**53.**
**54.**
**55.**

(angles to the nearest 1)

**56.**

(angles to the nearest 1)

**57.**

(angles to the nearest 0.01)

**58.**

(angles to the nearest 0.01)

**59. Show that ** using the definition
of the trigonometric ratios (page 23) and the
Pythag-orean theorem.

**60. Without looking back in the text, show that for each**

acute angle :

(A) csc (B) sin

**61. Without looking back in the text, show that for each**

acute angle :

(A) cot (B) sec

**62. Without looking back in the text, show that for each**

acute angle :

(A) sec (B) 1 cot(90 ) tan
cos
csc(90 )
1
tan
cos(90 )
1
sin
(sin )2_{ (cos })2_{ 1,}
*b 5.207 mm, a 8.030 mm*
*b 35.06 cm, c 50.37 cm*
*a 123.4 ft, c 163.8 ft*
*b 42.39 cm, a 56.04 cm*
*a* 6.482 m, 3544
*a* 23.82 mi, 8312
tan cot(90 ) 0
sin cos(90 ) 0
34
(sin )2_{ (cos }_{)}2_{ 1}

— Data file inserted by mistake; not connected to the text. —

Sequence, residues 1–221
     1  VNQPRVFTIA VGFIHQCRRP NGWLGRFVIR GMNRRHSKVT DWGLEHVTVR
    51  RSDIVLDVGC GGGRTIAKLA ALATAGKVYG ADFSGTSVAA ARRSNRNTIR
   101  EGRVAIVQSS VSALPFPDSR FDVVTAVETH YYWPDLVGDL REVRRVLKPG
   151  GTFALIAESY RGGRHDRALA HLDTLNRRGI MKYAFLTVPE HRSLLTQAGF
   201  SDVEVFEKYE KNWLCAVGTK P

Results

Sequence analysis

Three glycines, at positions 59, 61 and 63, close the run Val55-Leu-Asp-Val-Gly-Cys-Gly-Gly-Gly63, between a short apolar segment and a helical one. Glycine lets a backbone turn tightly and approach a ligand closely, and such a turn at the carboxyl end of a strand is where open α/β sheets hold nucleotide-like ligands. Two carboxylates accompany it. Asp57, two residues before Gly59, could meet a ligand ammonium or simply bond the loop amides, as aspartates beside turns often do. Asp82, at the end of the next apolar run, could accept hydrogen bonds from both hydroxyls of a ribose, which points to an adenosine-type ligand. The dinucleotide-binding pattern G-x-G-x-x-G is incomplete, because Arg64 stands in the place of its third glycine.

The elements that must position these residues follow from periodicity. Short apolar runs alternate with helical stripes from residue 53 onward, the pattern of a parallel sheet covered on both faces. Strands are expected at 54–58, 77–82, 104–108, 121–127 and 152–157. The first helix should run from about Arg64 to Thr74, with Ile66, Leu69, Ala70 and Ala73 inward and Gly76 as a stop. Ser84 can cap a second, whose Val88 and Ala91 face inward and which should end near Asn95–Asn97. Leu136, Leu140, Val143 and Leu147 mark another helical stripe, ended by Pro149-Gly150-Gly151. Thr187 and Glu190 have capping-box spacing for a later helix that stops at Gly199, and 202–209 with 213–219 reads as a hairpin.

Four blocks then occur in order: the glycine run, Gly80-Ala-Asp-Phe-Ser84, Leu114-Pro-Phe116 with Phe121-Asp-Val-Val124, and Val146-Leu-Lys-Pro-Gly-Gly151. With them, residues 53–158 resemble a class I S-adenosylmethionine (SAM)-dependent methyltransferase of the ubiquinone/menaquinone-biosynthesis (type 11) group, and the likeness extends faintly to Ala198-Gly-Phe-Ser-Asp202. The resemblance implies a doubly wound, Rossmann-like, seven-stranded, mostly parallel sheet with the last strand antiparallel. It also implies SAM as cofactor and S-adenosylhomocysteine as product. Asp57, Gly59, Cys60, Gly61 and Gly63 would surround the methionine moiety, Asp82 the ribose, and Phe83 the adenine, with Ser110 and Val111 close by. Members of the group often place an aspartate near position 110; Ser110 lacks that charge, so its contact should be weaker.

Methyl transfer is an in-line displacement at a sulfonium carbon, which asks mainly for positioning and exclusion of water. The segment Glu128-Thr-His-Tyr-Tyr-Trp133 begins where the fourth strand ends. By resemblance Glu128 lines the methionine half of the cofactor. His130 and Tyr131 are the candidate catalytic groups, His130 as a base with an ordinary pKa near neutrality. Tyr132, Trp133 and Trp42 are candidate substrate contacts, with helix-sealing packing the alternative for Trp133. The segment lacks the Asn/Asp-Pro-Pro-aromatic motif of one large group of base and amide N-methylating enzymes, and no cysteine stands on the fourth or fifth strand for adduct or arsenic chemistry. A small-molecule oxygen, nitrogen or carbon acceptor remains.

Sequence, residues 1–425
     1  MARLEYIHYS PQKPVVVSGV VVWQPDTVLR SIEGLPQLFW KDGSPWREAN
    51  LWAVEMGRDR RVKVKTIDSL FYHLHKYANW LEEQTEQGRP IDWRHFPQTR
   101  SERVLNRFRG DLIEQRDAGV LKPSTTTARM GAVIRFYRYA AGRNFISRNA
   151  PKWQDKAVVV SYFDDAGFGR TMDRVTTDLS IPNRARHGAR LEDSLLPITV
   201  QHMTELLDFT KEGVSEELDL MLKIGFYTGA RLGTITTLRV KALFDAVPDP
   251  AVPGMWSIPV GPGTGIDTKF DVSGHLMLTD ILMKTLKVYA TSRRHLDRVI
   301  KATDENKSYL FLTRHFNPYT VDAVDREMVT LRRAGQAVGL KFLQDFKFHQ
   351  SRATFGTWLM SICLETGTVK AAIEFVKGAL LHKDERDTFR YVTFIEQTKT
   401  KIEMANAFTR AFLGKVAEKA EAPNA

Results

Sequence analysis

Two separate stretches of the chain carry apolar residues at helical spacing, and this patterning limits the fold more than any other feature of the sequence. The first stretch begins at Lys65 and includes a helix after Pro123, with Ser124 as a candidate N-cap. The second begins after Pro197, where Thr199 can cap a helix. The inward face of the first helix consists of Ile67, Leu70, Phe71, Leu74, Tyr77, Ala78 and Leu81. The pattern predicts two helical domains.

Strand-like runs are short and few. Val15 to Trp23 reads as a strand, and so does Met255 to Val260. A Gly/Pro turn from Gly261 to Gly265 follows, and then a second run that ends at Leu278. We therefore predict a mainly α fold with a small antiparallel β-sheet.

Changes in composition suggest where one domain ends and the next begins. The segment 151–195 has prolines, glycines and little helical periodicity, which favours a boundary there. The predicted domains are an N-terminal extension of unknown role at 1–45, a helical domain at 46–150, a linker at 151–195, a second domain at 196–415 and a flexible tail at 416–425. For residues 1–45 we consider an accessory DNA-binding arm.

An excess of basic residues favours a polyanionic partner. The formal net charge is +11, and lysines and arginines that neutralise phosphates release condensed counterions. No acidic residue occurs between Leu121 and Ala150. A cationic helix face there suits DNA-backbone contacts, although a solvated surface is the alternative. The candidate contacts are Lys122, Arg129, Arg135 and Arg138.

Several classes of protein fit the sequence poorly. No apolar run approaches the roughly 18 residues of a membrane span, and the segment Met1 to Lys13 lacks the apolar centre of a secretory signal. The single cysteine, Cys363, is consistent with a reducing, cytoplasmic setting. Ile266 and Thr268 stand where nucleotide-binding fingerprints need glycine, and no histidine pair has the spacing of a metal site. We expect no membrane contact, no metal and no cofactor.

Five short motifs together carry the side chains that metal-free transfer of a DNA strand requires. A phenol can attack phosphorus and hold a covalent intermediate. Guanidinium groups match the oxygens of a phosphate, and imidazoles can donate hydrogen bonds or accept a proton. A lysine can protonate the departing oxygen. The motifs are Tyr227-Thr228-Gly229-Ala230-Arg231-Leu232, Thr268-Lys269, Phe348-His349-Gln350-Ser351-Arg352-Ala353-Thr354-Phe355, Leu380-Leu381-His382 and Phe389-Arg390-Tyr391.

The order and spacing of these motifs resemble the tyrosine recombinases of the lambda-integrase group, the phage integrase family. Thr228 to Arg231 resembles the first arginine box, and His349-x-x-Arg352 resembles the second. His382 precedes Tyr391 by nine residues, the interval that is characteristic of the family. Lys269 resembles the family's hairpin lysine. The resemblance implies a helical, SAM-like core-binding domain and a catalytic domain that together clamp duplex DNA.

432447
6.09
11
(sin )2_{ (cos })2_{ 1}

**C**

**48.** *In the figure that follows, side a was found two ways: one*
using and sine, and the other using and cosine. The
graphing calculator screen shows the two calculations, but
there is an error. Explain the error and correct it.

14.1
235 m
*a*
*b*
27.8 cm *b*
*a*
*a * 3210

1
*u*
*sec u*
*cos u*
*sin u*
*tan u*
*cot u*
*csc u*
*A* *B* *C*
*D*
*F*
*E*
*O*
Figure for 63 – 68

**Geometric Interpretation of Trigonometric Ratios**

*Prob-lems 63 – 68 refer to the figure, where O is the center of a *
*cir-cle of radius 1, is the acute angle AOD, D is the *
*intersec-tion point of the terminal side of angle with the circle, and*
*EC is tangent to the circle at D.*

*In Problems 69 – 72, find the area of the polygon in the figure.*
**69.** **Geometry**
**70.** **Geometry**
**71.** **Geometry**
**72.** **Geometry**
7 cm
11 cm
19 cm
5 cm
12 in.
5 in.
*x*
*x*
24 m
7 m
*x*
*x*
3 ft
8 ft
7 ft
**63. Show that:**

(A) sin *AD* (B) tan *DC* (C) csc *OE*
**64. Show that:**

(A) cos *OA* (B) cot *DE* (C) sec *OC*
**65.** Explain what happens to each of the following as the

acute angle approaches 90:

(A) sin (B) tan (C) csc
**66.** Explain what happens to each of the following as the